Dutch police are hot on the trail of a sheep-rustling ring responsible for the unprecedented theft of hundreds of ovines, with suspicions falling on a mutton Mafia with shepherding experience.
“We are busy with an intensive investigation after hundreds of sheep disappeared in the region in the last few weeks,” said Marie-Jose Verkade, police spokeswoman for the eastern Gelderland-Zuid region.
In the latest incident, 41 ewes vanished last week from a field close to the German border, near the eastern city of Nijmegen.
Nico Verduin of the Dutch national agricultural organization, the LTO, said that sheep thefts have risen to alarming levels in the eastern, southern and central Netherlands’ farming areas, with over 500 animals going missing since April.
“We have had the theft of sheep before, but never in these numbers,” Verduin said.
“It’s not easy to steal hundreds of sheep at a time — you have to know what you are doing to herd these animals into a truck to take them away,” he said.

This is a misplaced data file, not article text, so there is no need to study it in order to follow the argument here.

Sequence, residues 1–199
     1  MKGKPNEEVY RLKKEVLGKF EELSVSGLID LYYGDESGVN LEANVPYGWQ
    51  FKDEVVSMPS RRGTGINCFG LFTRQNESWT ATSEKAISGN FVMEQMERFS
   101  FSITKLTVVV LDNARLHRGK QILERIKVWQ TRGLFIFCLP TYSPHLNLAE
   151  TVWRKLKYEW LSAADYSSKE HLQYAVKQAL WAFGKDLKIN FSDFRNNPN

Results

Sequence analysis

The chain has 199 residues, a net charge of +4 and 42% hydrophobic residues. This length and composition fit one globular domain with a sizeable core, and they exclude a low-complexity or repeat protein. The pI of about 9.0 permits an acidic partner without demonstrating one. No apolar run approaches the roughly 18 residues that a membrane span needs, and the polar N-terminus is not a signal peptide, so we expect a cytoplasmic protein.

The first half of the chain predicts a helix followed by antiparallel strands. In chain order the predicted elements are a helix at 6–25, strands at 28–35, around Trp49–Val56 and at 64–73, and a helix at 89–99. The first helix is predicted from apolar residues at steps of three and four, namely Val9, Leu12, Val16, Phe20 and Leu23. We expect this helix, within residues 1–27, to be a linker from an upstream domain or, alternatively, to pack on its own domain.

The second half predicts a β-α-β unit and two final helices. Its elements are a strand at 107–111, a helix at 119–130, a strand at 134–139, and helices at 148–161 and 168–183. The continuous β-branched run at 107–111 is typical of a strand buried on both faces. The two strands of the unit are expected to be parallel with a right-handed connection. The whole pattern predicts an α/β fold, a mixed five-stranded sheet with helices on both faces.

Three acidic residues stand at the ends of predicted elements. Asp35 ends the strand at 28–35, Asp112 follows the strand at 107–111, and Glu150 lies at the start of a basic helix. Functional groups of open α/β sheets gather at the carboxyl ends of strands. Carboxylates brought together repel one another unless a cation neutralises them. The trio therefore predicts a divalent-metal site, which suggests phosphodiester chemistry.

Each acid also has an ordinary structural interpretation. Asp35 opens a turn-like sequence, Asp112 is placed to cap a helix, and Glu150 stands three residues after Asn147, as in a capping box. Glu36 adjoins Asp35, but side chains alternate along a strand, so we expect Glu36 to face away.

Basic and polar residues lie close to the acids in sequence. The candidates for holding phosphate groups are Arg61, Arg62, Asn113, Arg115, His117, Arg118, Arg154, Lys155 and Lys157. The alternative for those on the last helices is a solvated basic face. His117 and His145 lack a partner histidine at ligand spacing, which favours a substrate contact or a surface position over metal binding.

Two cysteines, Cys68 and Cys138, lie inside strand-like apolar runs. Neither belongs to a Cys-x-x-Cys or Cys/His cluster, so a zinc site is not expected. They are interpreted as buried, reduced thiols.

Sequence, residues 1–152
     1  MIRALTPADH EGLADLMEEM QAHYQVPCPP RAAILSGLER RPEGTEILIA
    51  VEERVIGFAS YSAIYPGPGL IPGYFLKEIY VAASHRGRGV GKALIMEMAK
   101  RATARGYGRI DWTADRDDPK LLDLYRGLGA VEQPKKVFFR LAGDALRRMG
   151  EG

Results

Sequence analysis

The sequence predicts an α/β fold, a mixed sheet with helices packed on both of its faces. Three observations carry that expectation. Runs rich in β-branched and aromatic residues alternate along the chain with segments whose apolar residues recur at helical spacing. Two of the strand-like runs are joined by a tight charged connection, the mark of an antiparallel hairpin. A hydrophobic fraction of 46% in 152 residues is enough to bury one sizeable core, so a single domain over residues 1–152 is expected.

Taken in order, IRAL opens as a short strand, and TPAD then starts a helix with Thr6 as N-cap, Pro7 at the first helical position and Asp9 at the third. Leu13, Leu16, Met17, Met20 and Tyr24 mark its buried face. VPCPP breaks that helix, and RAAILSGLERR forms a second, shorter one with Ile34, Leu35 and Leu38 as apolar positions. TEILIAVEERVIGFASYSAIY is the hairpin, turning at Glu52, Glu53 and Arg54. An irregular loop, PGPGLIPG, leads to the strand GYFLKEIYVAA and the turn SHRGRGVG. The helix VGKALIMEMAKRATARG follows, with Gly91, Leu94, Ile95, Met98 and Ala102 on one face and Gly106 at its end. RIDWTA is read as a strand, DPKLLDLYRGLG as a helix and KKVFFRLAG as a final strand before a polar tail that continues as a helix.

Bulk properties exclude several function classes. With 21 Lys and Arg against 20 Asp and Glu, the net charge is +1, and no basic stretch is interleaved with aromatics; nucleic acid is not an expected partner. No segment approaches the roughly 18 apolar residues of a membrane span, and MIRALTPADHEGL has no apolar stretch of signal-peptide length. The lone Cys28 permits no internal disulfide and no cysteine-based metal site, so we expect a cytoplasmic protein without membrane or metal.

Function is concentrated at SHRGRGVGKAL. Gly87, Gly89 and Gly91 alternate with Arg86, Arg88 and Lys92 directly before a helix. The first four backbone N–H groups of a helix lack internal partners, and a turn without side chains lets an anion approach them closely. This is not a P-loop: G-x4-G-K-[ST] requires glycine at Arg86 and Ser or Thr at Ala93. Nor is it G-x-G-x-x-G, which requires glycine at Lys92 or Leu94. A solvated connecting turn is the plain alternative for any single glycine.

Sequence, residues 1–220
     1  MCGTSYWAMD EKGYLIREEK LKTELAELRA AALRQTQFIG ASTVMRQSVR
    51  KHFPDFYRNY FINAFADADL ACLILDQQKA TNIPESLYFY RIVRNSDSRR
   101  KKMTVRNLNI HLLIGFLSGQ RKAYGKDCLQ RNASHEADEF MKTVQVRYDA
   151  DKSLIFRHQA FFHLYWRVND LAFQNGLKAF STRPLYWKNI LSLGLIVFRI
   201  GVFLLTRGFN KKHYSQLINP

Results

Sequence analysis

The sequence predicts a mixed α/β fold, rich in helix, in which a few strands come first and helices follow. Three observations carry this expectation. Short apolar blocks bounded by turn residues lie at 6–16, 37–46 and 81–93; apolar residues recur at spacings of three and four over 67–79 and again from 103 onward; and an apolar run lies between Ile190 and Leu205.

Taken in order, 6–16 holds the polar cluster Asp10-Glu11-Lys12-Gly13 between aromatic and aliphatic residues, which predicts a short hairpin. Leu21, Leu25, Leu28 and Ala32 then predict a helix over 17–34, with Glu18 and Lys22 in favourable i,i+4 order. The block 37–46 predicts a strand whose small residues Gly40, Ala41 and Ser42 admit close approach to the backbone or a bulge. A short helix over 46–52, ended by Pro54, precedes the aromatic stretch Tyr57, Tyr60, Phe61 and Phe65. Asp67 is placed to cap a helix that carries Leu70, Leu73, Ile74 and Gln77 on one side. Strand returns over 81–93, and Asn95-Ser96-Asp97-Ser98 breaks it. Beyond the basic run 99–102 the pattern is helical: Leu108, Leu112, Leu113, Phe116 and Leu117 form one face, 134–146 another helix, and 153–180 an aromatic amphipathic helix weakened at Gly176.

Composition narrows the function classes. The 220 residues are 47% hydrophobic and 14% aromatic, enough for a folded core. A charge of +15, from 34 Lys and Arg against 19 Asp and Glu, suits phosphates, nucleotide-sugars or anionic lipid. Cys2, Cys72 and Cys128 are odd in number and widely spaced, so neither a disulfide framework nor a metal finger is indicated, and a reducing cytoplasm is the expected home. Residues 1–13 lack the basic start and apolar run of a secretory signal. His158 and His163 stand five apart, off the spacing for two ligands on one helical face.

“That’s why we think that organized crime is behind this,” he added.
With mutton and lamb prices shooting up 15 percent over the last year, a single sheep now fetches an average 140 euros (US$182) Verduin said, as less-and-less meat is being produced by traditional sheep-farming countries such as Australia and New Zealand.
Verduin said his organization believes the animals are either being illegally exported or slaughtered and sold in local butcheries.
In a glimmer of hope, Dutch police on Sept. 29 recovered 309 missing sheep from fields and a barn northwest of Nijmegen, police spokeswoman Verkade said. No arrests were made.
“We are very worried,” said Verduin. “You don’t want to know what it feels like to arrive at your fields and all your sheep have gone missing.”